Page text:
Ayala Jr

Discussion in 'Boxing Discussion' started by mschatz, May 15, 2008.

  1. mschatz

    mschatz Hamma: I has it

    Joined:
    Sep 7, 2004
    Messages:
    12,163
    Likes Received:
    16
    Location:
    San Francisco
    Tony Ayala Jr.: The Best Prospect of All-Time

    By Greg Smith
    Being a hot prospect in the contemporary world of boxing is inherently difficult. If a high profile prospect is fed an array of stiffs and tomato cans to pad his record, he
     
  2. mschatz

    mschatz Hamma: I has it

    Joined:
    Sep 7, 2004
    Messages:
    12,163
    Likes Received:
    16
    Location:
    San Francisco
    It was both a scary and revealing bout. Tony Ayala Jr. could be hurt and knocked down, but he could rise from the brink of defeat to dominate dangerous opposition. He was no longer a prospect. He definitely wasn’t a one-dimensional front runner who couldn’t handle return fire.

    A contender was born.

    Over the next twenty months, Ayala roared and ripped his way through tomato cans, journeyman, and legitimate contenders. To this day, I have never seen a fighter so young with as much game as Tony Ayala Jr. At age 18, he could execute a shoulder roll off an incoming right hand and counter with his own right hand as well as James Toney or Evander Holyfield. During infighting, El Torito would sometimes cross his arms in the style of Archie Moore, and then counter with a five-punch head and body combination, pivot, and land another thumping combination that would paralyze and befuddle his opponents.

    Tony was uniquely relaxed and vicious in the ring. Barry Tompkins compared him to Jake LaMotta, but with better instincts. Ferdie Pacheco compared him to Roberto Duran because of the relentless ferocity of his attack. It is hard for me to articulate who Ayala reminds me of because he was actually quite original.

    As the sordid story of boxing goes, Ayala never fulfilled his potential. On the verge of a title fight with WBA belt holder Davey Moore, Ayala was convicted of rape and was given a 15-35 year sentence in the New Jersey penal system.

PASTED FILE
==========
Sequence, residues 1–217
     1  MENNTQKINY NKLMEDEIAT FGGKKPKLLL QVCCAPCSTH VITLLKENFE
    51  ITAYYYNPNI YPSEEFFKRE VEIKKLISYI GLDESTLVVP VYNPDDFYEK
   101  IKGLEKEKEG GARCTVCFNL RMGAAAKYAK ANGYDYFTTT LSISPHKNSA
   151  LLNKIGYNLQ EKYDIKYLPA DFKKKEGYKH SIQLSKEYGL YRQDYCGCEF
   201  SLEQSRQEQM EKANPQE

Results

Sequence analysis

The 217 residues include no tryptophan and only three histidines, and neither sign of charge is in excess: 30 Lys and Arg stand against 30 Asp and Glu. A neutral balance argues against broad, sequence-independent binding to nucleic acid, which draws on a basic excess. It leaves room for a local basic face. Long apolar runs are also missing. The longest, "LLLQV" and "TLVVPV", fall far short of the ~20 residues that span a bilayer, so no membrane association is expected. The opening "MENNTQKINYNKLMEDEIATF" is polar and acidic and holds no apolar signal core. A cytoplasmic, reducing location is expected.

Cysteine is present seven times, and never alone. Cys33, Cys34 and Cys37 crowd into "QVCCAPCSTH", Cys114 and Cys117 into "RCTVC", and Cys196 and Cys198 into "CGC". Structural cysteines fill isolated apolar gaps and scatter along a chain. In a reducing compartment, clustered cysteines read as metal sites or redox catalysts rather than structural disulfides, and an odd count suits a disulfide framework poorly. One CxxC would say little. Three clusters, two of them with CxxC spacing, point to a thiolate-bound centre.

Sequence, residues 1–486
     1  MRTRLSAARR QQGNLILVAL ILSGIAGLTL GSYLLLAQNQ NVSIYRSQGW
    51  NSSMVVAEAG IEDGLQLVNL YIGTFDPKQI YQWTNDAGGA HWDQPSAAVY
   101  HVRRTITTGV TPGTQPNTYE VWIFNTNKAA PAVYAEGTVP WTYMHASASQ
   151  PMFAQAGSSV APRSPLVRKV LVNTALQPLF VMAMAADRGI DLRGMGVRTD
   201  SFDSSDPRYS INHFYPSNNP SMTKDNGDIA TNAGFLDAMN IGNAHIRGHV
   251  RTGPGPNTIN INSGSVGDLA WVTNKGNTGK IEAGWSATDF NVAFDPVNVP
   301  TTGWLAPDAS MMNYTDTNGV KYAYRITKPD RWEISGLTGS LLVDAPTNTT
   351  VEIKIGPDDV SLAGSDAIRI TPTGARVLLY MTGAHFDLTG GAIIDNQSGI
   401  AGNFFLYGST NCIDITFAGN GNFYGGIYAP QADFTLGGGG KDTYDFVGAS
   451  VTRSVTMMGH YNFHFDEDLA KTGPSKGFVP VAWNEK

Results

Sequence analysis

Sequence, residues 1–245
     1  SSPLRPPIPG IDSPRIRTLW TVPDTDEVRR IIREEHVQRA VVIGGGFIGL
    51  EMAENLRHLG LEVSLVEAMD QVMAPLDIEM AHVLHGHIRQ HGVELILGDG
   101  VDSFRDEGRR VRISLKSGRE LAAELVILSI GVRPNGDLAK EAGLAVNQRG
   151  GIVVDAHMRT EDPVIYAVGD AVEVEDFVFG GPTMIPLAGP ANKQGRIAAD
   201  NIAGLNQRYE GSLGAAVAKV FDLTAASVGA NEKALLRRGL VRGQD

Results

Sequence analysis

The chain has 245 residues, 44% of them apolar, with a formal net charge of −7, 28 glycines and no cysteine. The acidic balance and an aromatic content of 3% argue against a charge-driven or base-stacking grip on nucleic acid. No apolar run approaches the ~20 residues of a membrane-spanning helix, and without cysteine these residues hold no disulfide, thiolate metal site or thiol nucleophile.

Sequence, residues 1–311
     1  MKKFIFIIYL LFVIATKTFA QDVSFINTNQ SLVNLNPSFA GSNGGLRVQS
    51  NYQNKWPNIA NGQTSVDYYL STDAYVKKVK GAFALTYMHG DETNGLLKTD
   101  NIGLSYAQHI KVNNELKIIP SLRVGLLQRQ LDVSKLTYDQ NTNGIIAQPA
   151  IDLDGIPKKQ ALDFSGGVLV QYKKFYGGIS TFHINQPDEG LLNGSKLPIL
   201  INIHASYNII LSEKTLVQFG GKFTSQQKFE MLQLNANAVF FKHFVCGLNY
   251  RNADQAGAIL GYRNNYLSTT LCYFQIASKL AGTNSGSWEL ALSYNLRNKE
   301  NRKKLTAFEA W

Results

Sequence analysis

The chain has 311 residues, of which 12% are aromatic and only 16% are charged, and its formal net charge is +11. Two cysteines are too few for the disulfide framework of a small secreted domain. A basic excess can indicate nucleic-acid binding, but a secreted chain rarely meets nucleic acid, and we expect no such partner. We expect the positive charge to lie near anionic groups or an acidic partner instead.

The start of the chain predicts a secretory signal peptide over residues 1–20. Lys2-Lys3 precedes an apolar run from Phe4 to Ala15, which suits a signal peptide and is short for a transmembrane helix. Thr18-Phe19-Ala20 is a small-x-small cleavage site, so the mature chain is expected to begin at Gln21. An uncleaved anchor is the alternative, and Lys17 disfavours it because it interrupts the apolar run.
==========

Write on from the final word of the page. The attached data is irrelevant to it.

We should’ve known. Ayala had been in serious trouble before. He reached an out of court settlement in a sexual assault case when he was only 15-years-old. Just months prior to the aforementioned rape, he was arrested while wandering intoxicated in a neighbor’s home. Like Mike Tyson, Ayala was careening out of control, and nothing could stop the wreck.

    When Ayala entered prison in 1983 at the age of twenty, his professional record was 22-0 with 19 KOs.



    When Ayala emerged from prison in 1999, I was surprised when he announced a comeback. In his first career, Ayala once admitted that he really didn’t like boxing as much as fans might think. I was also surprised that he would compete near his original weight. Ayala emerged from prison around 200 pounds, but didn’t appear obese.

    Many people forget that Bernard Hopkins immediately called Ayala out at that time. Hopkins was still laboring in obscurity while waging war against the establishment. Hopkins’ overtures might’ve been a great marketing coup if Ayala’s impulses superceded his intellect. Ayala smartly ignored Hopkins’ challenge. He knew as well as Bernard that 16 years in prison doesn’t improve a fighter’s ability to slip jabs and hooks.

    Ayala’s comeback didn’t go far. Initially, some compared his comeback to that of George Foreman, but the comparison is both unfair and inaccurate. I strongly believe Ayala was at a huge disadvantage compared to the comeback of Fifth Ward George. I have always believed that the level of pure boxing skill tends to increase in inverse proportion to weight. Especially in the contemporary era, the heavyweight division is based more on power than boxing skill. Foreman could easily compensate for slowed reflexes with his freakish power. In contrast, Ayala’s slowed reflexes would be more apparent and detrimental at 154 or 160 pounds. The fighters are quicker and harder to tag cleanly than heavyweights. Therefore, Ayala would automatically experience more difficulty than did Foreman.